The container is provided with a means defining an opening in the container. The opening should be so constructed to allow the flow of fluid at a constant, predetermined rate. Thus, the opening should be large enough to allow for a substantially unobstructed flow of liquid, the rate of flow being determined by the rate at which the propellant vapor permeates through the chamber and displaces liquid to be dispensed within the container. Excessive pressures in substantial excess of atmospheric pressure are not allowed to develop within the container.
According to a preferred embodiment means defining said opening may be comprised of a conduit extending from the periphery of said container into the interstices of said container so that the portion of the opening in contact with the liquid is disposed at or near the concentric center of the pump. In this manner liquid will continue to be dispensed in any given orientation of the pump so long as the container is more than half filled with liquid. Such constructions for said pump may be particularly advantageous where the pump is disposed subcutaneously for the administration of liquid medications at a slow-flow, constant rate.
According to the invention the propellant is confined in a separate propellant chamber which may be constructed of any suitable propellant permeable material. Polyethylene has been found to be a suitable, inexpensive construction material. The propellant chamber may be filled with any of a wide range of liquid propellants, e.g., fluorochloromethanes, ethanes or mixtures thereof known commercially as "Freon" which are maintained at least initially in liquid form at normal temperatures by the pressure within the propellant chamber. Filling may be accomplished in any suitable manner and thereafter the opening through which the propellant is introduced into the propellant chamber is sealed by heat sealing or other suitable means. After the pump has been assembled for use and a full charge of liquid to be pumped has been provided the pump may be stored in an inactive state by simply closing off the opening in the container. The hydrostatic pressure created internally will prevent substantial quantities of propellant vapor from passing through the propellant chamber. When it is desired to commence pumping the opening is made and the initial pressure will quickly dissipate and a constant rate, low flow of liquid will commence.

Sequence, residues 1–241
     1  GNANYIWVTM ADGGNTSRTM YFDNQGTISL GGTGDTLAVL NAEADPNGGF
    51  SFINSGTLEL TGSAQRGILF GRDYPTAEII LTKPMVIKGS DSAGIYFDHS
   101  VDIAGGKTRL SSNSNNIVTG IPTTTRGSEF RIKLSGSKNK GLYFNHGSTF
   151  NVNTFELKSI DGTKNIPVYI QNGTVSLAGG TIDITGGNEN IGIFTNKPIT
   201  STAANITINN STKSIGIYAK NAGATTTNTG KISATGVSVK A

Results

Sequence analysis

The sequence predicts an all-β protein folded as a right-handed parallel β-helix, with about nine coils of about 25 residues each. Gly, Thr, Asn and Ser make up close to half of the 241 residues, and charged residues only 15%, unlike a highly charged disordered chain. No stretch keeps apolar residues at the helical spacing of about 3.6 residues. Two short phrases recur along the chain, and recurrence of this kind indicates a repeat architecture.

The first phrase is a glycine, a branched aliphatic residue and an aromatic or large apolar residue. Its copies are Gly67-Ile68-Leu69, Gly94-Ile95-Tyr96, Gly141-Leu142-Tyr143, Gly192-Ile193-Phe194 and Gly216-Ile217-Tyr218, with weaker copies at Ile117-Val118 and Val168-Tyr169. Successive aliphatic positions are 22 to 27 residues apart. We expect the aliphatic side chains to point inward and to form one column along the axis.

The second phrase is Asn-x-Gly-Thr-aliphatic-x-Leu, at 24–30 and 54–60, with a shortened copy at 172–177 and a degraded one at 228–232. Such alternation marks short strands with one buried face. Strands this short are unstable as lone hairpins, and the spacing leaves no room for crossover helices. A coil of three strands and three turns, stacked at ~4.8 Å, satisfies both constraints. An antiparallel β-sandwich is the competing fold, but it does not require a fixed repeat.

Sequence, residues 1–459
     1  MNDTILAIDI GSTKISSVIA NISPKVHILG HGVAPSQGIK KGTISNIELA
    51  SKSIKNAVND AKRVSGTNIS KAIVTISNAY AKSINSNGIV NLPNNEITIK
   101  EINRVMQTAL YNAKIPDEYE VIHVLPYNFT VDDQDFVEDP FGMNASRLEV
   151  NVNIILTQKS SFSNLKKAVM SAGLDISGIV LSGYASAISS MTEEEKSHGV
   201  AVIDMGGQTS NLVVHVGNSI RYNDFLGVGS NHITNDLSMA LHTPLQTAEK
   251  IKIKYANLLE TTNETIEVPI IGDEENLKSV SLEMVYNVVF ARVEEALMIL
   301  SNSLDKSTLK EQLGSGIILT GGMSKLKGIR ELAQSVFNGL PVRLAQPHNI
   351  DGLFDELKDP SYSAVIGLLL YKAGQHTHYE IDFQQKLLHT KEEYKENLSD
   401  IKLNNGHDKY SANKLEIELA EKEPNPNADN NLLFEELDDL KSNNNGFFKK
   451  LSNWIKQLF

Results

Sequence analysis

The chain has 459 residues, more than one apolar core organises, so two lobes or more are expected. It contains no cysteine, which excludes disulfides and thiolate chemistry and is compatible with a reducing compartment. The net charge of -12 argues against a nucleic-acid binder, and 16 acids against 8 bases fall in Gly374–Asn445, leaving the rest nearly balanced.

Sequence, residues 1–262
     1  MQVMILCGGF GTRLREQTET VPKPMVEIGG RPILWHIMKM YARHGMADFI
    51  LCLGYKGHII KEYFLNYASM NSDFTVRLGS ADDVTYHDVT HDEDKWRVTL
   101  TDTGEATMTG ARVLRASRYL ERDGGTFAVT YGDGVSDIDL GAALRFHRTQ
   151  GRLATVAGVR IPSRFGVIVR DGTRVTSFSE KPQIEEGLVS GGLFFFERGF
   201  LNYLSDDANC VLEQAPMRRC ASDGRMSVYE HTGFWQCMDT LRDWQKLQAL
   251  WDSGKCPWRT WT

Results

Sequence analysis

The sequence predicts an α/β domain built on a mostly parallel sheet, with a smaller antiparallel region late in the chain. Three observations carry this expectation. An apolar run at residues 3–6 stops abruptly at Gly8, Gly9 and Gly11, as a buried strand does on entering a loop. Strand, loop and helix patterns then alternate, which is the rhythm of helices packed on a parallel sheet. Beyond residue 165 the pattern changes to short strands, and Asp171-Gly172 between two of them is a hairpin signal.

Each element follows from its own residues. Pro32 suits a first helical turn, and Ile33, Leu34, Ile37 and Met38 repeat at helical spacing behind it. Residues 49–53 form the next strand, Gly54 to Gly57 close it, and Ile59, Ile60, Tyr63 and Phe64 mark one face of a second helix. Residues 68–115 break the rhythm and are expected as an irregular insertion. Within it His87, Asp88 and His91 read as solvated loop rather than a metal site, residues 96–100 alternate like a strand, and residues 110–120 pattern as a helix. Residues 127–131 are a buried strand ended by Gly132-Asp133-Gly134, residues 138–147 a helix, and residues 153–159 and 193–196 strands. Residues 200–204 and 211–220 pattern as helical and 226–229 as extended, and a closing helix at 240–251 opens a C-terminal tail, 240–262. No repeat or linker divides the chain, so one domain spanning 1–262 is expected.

According to an embodiment of the present invention the propellant chamber is encompassed by a flexible diaphragm. The diaphragm can be formed of any suitable material which will resist the chemical and solvent action of the liquid to be dispensed and of the propellant and which is impervious to both. The diaphragm may also, according to an embodiment, be expandable so that as the liquid is displaced from the container the volume of the propellant vapor may occupy the displaced liquid until the vapor occupies all or substantially all of the container volume when all of the liquid has been displaced. If the diaphragm is not expandable, it should nonetheless be flexible and be of such a size and shape so that when it is fully occupied by the propellant vapor all or substantially all of the liquid has been displaced from the container.
For a fuller understanding of the nature of the invention, reference should be had to the following detailed description taken in connection with the accompanying drawings, in which:
FIGS. 1, 3 and 5 are views of medial sections of three different embodiments of the present invention upon commencement of the pumping operation.